Photo from Comminquiry
Follow Me Foodie: How to handle diners’ complaints
- by Mijune Pak , Follow Me Foodie – WE Vancouver
- posted Feb 19, 2014 at 1:00 PM
Anti-bullying day or “Pink Shirt Day” is on the last Wednesday of February. People sport the colour pink to stand together against bullying, and celebrate diversity.
I’d like to think I was never a bully and am grateful to never have been bullied… Well, maybe a bit online, but you put yourself out there and once in a while you get it back.
With the popularity of social media and “you be the judge” blogs, there is a lot of online noise — some comments are good, some are fair, while others are hurtful and disrespectful. Diners often tweet and post things in the heat of the moment with no fear of consequences, especially if they post anonymously.
I’ve seen more Twitter arguments between restaurants and customers than I want and, simply put, it looks bad. I’m not a restaurateur or chef, but I understand how damaging negative public banter can be. I get criticized, too.
So how do you handle it? Read the full story.
See my other WE articles:
- Follow Me Foodie: New Year, New Food.
- Follow Me Foodie: lighten up with these low(er)-cal alternatives
- Follow Me Foodie: Do’s and don’ts of Dine Out Vancouver
- Follow Me Foodie: The ‘real deal’ on Dine Out Vancouver menus
- Follow Me Foodie: Symbolic foods to usher in Chinese New Year
- Follow Me Foodie: Mexican Food in Vancouver
- Follow Me Foodie: Valentines for the Vancouver singles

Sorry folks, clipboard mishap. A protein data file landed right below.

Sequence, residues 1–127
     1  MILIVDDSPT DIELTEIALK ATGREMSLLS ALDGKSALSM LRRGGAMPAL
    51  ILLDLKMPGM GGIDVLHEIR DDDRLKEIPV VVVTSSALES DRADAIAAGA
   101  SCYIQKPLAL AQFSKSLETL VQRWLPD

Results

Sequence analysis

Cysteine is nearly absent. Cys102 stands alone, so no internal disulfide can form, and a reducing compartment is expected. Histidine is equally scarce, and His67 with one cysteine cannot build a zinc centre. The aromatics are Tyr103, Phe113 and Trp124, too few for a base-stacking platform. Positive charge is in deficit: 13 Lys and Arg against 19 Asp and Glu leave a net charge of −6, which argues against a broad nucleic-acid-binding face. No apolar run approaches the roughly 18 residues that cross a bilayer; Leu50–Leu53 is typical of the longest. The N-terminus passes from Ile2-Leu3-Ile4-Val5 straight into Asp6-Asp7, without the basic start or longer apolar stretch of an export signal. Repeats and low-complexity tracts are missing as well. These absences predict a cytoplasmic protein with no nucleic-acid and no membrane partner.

Sometimes it’s entertaining to watch Ricky Craig of Houston’s Hubcap Grill get into it with the griping customers. Other times, it can be really awkward, like you’re sitting at a table with another couple arguing and you want a fast, graceful exit. I hear you, Mijune!
I remembered a battle on twitter between a local restaurant and a magazine blog – from a consumer perspective it’s hard to watch. I had to unfollow them on twitter for a bit. It’s not worth it to me to have stress online when my work is already stressful.
Twitter tantrums & Facebook battles I never start. That said, given the average Canadian’s default behaviour of saying nothing and never returning to the restaurant (ever) while diligently telling dozens of their friends to avoid a location drives restaurant owners wild in despair. They really want to know if something is wrong.
Be factual, objective, polite, and constructive in an brief email and most restaurants will make it right one way or another. Being in the industry I am really forgiving generally knowing that a bad day just happens.
While we are on the topic of communication, if it tastes great to fantastic, have the waiter tell the Chefs. It doesn’t have to be bad news to tell a restaurant that there is something to talk about. I recently “discovered” a Cornish Hen dish in Yaletown that was so shockingly good that I admit I made quite a point about it. Humerously some diners recently given a table hear me and all ordered the Cornish Game Hen, and mid-meal told me “You are so right, this is amazing”.
If you can give a brick you can toss bouquets as well. Given the amazing skill set of our Chefs, that is a lot of deserved compliments.